Update 2016-03-16: First a tmux feature (‘default-path’) that got removed and then a hacky shell parameter (‘$ZRC_PLEASE_GOTO`’). Surely there is a third alternative: To add more versatility to the function, I am now using one of tmux's user-defined variables (variables with names that start with an ‘@’) to keep track of my intended working directory. The new function has the ability to take you back to a session's default working directory by calling it without argument. This was not possible before, since there was no way for the function to update the parameter that I used to be updated in already running shells. Since this parameter lives in the tmux server, different zsh sessions can use that server information to keep in sync.

The new initialisation looks like this (assuming you've got the ‘cdm‘ function file in ‘$fpath’ and marked it for autoloading):

[ -n $TMUX ] && cdm

The help text reads like this now:

usage: cdm [-h] [DIRECTORY]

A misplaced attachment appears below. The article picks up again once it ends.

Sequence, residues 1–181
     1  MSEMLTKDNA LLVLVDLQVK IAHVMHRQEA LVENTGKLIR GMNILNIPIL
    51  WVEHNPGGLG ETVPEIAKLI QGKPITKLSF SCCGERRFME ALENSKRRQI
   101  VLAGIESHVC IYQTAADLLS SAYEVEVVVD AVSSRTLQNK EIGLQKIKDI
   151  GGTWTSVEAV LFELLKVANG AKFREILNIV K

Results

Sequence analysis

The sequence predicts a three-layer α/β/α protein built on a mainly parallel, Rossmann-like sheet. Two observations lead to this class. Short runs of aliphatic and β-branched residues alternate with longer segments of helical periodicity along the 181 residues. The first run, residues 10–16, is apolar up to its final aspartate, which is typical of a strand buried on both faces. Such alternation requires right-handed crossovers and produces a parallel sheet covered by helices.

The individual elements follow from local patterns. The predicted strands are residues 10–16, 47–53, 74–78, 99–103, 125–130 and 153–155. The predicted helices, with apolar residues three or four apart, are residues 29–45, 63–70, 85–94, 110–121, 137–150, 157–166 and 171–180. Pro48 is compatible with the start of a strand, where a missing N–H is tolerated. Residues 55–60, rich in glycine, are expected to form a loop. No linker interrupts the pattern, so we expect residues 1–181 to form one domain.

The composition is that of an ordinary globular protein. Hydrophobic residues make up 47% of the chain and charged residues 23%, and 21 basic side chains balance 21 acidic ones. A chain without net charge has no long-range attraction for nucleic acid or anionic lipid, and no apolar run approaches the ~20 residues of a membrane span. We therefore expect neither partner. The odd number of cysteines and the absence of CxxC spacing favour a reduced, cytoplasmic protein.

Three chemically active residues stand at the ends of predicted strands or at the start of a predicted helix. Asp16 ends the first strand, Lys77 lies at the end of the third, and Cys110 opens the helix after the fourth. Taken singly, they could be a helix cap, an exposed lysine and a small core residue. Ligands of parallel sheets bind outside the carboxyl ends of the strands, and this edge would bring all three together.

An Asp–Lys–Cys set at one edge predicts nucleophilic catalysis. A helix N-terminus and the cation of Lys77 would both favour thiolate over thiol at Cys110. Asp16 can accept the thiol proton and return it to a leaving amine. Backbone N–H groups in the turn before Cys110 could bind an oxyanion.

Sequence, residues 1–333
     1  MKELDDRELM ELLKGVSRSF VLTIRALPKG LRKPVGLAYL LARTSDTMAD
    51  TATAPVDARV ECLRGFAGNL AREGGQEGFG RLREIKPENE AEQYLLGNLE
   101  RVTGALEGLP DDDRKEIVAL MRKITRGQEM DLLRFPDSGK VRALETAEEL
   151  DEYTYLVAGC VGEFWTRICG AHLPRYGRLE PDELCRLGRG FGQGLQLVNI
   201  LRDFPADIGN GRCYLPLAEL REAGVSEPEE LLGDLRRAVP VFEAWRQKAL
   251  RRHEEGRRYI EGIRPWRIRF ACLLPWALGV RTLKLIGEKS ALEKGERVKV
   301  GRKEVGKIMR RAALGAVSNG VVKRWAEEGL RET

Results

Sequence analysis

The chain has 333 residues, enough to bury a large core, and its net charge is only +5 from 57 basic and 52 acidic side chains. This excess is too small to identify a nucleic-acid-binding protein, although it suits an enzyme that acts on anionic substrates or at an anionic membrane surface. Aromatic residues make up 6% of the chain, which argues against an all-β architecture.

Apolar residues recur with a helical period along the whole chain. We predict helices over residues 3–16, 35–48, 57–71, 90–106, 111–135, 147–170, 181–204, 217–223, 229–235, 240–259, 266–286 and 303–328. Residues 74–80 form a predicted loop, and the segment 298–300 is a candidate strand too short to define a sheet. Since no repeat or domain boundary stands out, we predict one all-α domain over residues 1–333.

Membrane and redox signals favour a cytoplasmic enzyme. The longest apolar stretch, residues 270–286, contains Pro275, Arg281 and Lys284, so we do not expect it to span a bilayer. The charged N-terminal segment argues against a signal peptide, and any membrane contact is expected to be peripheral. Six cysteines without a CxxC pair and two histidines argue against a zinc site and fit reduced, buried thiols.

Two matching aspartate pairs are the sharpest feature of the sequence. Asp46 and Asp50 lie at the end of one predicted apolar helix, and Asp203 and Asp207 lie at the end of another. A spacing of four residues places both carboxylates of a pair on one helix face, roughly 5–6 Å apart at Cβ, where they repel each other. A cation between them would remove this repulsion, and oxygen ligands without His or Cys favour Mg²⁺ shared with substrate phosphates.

Switches the default working directory of a tmux session to DIRECTORY. If
DIRECTORY is not supplied, cdm changes zsh's current working directory to
the current tmux session's default working directory.

Internally, the function uses a tmux-user-option named "@ft-zsh-wd".

Miscellaneous Bits

A bit of dmesg: ‘dm’

If you're like me, you take a look at dmesg every once in a while. And guess what, in most cases I am only interested in the last few lines. That is when constructs like this come up:

% dmesg | tail -n 20

I think that zsh can do that dance for me. It can ask the terminal how many lines it can display and then fill about a page with dmesg output. That is pretty much what my ‘dm’ function does:

Display the last few line of ‘dmesg’ output. “few” is just a bit
less lines than there are lines in the running terminal, so the
function's output will fit into the terminal, unless the output
is very long with lots of wrapping lines.

If the number of lines of a terminal could not be determined, 24
is used as a default. The ratio to determine how many lines to
actually print defaults to 85%.

The following styles may be used to customise the behaviour of
the function:

- default-lines: An integer that will be used instead of 24 as
                the default number of lines in a terminal, that
                didn't allow the number of lines to be

- ratio: The ratio of lines to be printed.

All configuration is done in the ':fnc:dm:options' context.

To get a pageful of dmesg:

% dm

To get exactly 20 lines of dmesg:

% dm 20